2. Allow others to commit to pray with you and for you. Anyone who really cares to pray doesn’t need details.

  3. Humility-remember with every tree (life) that is strong, they have had their own struggles that have made them stronger. Choosing to not be intimated by strength around you, but allowing those who are stronger to pull you up is a gift—not a sign of weakness.

  4. Confess your sin and repent daily, not giving access or entry to the enemy. Unconfessed sin can take root and grow. But when we confess our sin, our good good Father is faithful to forgive us…every.single.day!

We can’t help fight the roots of sin in our children’s lives, if we are bound by the roots of sin in our own lives.

As Easter is upon us and we reflect upon the sacrifice of the cross, let’s not forget the POWER of the resurrection. We don’t just celebrate and rejoice that Jesus, our Savior, sacrificed and gave His life for our salvation, we rejoice in the resurrection. Because of the resurrection, there is power in the blood of Jesus. Sin is defeated. As children of God, we have authority in the name of Jesus!

Celebrating our Children's Spiritual Birthdays

It’s no secret that I like to have fun (always). I love to celebrate life, creating a space for making memories regardless of life circumstances or challenges. As a living life-to-the-fullest kind of gal, life is short and yet such a beautiful gift from God, our Creator, that making each day count is really important to me. Celebrating our spiritual life as well as our physical life is a gift we can give to our children.

Today is Reagan and Jordan’s spiritual birthday…13 years old!! They are 13 year old teenagers as daughters of the King! Monday is Riley’s spiritual birthday when she will turn 10…double digits!! January is a big month of celebrating God’s incredible gift of salvation, our redemption, and being reminded of who and whose we are in Him!

Why is it really important to celebrate our children’s spiritual birthdays? Personally, I think it reminds them of who they are in Christ. It reminds us all that this is not our home and that the things of this world pale in comparison of our eternal home. Our days are numbered and one day we will all spend eternity…somewhere. Being able to remind our children of their eternal home and that our days on earth are for God’s glory not our own, is really important to me. We celebrate our daughters physical birthdays in a variety of traditions we have created (I’ll share those another another post), but every January I want my 3 Princesses to be reminded they are royalty! They are daughters of the King of Kings and Lord of Lords. They are created in the image of God-image bearers. They have been created to bring God glory and reflect Him in their words and actions…not just when they are adults but NOW as children and teens! When we remember who we are and whose name we bear and represent, it reminds us that our words matter, our actions, and behaviors mean something. I could not be more proud of my double digit (on Monday) Riley, and my two teenager daughters Reagan and Jordan and how they shine Jesus well!

Here are 3 practical ways you can celebrate your children’s spiritual birth:

  1. Remember! It seems easy, but just remembering to write down the date they ask Jesus to be Lord and Savior of their lives is a big deal. The Bible is full of reminders and admonitions to His people to WRITE things down, TELL them to your children, CREATE stones of remembrance so that you will not forget! Every year, for us January 17 and January 21 we tell our girls Happy Birthday and celebrate their new life in Jesus. (If you or your child does not remember the actual date they asked Jesus into their lives, pick a date close to the time of year it was within the year it occurred, and celebrate that date each year.)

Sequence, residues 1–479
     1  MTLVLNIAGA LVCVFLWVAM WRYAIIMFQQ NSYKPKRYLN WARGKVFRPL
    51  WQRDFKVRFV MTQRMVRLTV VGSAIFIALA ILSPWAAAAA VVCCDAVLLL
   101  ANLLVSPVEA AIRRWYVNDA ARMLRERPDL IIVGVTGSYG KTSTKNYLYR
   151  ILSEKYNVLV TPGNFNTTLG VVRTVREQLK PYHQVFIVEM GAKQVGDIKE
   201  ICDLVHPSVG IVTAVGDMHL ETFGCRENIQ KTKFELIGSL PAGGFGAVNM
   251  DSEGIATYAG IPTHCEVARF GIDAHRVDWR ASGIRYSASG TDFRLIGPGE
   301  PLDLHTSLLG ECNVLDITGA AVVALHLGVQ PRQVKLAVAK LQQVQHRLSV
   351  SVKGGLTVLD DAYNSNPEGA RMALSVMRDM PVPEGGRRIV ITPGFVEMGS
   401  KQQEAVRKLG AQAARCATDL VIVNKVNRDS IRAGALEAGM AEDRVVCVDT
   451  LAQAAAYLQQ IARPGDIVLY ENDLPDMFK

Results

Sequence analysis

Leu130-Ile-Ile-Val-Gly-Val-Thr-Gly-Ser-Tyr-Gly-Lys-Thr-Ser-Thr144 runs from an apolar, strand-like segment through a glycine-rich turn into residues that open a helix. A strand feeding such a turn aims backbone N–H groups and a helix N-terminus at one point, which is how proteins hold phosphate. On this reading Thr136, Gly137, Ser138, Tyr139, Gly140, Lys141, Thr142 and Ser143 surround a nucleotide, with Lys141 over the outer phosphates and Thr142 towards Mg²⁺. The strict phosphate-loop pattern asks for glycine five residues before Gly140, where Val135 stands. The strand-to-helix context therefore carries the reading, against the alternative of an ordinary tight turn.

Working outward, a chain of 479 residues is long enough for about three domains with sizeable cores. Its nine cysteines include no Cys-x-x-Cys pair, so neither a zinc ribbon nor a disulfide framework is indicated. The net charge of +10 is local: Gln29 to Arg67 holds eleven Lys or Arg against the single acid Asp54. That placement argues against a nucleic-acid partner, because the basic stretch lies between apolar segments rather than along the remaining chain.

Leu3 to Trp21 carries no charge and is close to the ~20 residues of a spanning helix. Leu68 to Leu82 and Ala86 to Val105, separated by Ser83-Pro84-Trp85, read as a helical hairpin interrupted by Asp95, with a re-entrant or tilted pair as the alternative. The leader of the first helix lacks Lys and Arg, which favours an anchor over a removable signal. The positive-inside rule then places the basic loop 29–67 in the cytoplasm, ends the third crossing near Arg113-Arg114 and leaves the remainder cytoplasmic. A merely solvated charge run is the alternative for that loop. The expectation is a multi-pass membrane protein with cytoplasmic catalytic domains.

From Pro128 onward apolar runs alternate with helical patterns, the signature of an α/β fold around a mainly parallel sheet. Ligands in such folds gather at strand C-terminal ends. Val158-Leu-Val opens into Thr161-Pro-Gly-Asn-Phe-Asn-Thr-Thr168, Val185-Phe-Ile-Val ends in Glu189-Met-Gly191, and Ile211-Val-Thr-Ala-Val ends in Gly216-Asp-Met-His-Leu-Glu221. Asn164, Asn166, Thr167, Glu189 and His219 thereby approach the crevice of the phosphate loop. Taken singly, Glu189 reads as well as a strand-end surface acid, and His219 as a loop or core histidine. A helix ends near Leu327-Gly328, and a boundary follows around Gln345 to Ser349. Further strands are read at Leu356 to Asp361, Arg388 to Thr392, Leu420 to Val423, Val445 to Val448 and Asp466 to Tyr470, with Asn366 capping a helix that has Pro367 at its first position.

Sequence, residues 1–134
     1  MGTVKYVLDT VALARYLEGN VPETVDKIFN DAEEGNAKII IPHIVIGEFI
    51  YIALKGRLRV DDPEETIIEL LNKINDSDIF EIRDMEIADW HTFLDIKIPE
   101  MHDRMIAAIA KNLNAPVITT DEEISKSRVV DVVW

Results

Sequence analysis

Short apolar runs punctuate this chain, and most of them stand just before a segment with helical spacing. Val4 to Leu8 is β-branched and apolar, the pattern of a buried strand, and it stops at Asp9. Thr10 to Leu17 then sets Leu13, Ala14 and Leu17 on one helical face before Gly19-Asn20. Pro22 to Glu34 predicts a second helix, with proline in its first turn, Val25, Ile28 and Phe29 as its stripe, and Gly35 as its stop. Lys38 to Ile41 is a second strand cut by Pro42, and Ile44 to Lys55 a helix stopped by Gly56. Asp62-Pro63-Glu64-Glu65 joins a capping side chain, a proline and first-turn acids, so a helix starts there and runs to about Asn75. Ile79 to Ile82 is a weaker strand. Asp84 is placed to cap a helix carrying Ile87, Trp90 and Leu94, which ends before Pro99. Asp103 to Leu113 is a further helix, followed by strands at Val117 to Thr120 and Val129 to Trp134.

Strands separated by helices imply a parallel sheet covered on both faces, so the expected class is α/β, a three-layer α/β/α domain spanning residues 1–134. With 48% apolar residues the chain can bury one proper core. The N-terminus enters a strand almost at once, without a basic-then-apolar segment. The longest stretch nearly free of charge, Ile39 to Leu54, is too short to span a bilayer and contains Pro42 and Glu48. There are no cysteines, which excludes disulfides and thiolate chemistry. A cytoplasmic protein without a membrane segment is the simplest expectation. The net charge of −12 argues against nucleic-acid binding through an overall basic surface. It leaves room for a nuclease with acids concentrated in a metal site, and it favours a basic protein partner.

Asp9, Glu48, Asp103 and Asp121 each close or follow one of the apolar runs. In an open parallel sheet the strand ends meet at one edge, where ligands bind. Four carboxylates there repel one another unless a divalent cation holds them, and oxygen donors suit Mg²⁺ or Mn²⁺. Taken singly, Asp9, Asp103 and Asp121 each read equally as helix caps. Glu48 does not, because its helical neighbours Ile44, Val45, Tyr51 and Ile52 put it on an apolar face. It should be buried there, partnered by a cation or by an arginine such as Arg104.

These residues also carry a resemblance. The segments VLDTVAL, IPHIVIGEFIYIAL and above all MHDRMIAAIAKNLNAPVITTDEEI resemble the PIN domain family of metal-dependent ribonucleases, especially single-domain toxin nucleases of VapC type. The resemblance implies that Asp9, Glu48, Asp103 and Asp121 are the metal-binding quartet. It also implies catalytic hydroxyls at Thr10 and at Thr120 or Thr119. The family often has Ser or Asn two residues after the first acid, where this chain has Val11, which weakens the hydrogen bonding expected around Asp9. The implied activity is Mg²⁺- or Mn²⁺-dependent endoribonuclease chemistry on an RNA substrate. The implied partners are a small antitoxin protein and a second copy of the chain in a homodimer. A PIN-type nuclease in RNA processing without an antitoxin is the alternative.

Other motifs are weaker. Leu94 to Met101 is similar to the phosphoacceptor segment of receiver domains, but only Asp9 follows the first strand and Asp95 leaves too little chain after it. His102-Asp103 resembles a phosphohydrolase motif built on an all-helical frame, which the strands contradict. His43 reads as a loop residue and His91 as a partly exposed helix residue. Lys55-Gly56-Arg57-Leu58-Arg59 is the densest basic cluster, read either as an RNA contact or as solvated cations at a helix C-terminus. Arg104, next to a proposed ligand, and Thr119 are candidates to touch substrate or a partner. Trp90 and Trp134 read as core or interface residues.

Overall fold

2. Encourage! Find ways throughout the year to encourage your children spiritual. Make sure you are creating a time and space for them to have Jesus time. For my daughters, they do their own Jesus time independently, but sometimes I like to ask them what they are reading and learning. Make your home a place of continual conversation about Truth (Jesus), life from a Biblical worldview, and a peaceful place of worship with worship music as we point our children to Jesus in our 24/7.

  3. Memorize! Hiding God’s Word in your heart as a child is essential. The verses we know best as adults are the ones we memorized as children. Knowing God’s Word in our hearts will help convict and remind us of His truth in tough and challenging situations.

Be Still

Psalm 46:10 “He says, ‘Be still, and know that I am God; I will be exalted among the nations, I will be exalted in the earth.’”

It’s been a few years since I have sat beside the absolute stillness of a lake in the wee hours of the morning just as the sun is rising.  When I say stillness, I almost need to add extra adjectives so one grasps how absolutely still the water appeared.  Looking out upon the water, it was if the Lord placed a beautiful mirror upon the surface reflecting back His glory.  This breathtaking view immediately brought me naturally into His presence, as it so clearly was such a display of the grandeur of His creation.  His words kept repeating in my heart…”Be still and know that I am God.”

Be still and dwell upon who God truly is, remember all that He has done and let your heart overflow with thanksgiving towards God who created all this beauty!